Industry & Advocacy News
August 22, 2018
As we continue to monitor the impact of the Tax Cuts and Jobs Act, we wanted to bring you up to speed on an important, new tax break for authors. As you may recall, the new tax code, effective this calendar year, provides that owners of certain pass-through entities may take a 20% deduction on their qualified business income—whether earned through a pass-through entity such as an S corporation, partnership, sole proprietorship, or as an unincorporated self-employed individual. The question has been: can authors take advantage of this deduction, and if so, to what extent?
The short answer is that authors who earn less than certain income thresholds can take advantage of the deduction; and there is no need to create a special entity to do so. As an unincorporated self-employed individual, you are automatically treated as a pass-through entity all by yourself. Authors filing singly with a taxable income (i.e., minus deductions) of $157,500 or less, and those who are married and are filing jointly with a combined taxable income below $315,000, are eligible to take the new 20% pass-through deduction on their writing income.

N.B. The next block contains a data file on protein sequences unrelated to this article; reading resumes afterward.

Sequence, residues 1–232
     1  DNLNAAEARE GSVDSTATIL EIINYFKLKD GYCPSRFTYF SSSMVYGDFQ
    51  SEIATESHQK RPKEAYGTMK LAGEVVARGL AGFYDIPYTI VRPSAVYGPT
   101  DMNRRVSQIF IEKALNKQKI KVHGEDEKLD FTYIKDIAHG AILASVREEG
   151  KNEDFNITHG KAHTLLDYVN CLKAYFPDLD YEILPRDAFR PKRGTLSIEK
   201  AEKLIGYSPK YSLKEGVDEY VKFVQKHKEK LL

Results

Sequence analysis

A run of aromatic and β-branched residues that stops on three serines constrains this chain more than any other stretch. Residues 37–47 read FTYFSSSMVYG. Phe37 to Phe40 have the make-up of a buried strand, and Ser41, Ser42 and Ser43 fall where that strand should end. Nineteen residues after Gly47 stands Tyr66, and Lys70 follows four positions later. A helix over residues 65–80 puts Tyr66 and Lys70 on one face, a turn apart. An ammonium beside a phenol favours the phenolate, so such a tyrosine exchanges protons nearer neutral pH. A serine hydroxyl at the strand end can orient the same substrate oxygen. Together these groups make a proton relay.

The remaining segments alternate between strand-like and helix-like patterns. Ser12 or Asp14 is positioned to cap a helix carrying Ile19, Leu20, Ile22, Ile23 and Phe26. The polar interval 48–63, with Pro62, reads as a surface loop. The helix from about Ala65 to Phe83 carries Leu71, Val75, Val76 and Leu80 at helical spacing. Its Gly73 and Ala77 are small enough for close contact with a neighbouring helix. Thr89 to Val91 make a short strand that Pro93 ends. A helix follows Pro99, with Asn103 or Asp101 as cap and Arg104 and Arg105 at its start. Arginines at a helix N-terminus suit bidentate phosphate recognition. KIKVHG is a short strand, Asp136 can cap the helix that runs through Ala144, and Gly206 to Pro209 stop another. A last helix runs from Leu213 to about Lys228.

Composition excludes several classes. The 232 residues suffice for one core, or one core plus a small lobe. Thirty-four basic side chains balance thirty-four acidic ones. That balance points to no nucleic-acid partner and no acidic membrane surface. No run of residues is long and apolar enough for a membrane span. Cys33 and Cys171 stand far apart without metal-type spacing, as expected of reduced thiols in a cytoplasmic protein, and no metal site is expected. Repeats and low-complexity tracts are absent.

What is still unclear at this point is: what happens if you’re one of the lucky ones who makes more than $157,500, if filing singly, or $315,000, if you’re filing jointly? The IRS’s new proposed regulations, issued on August 8, 2018, seem to indicate that authors at a higher income level could also benefit from this deduction, but these are not final rules yet and should not be relied upon until final rules are issued.
Among other things, the proposed regulations explain what types of businesses cannot take advantage of the deduction. The law disallows the deduction for earners over the thresholds if engaged in a “trade or business where the principal asset of such trade or business is the reputation or skill of one or more employees.” The regulations state that certain performers fall within this exclusion (and cannot apply the deduction), but does not specifically mention authors. Some commenters have interpreted the regulations to mean that authors are not included in this specified “trade or business” category and so are covered by the deduction even at the higher incomes.
It is still possible that the IRS may issue a final rule that expressly excludes authors at the higher income levels (over $157,500/$315,000) and so we are advising those authors to wait until the 4th quarter to take the deduction. The IRS has sought comments on the regulations and a public hearing is scheduled for October 16, 2018. We assume final regulations will be adopted before the close of 2018. We will monitor the situation and keep you posted.
Of course, you should consult with your own accountant to determine what is the best approach for your individual circumstances.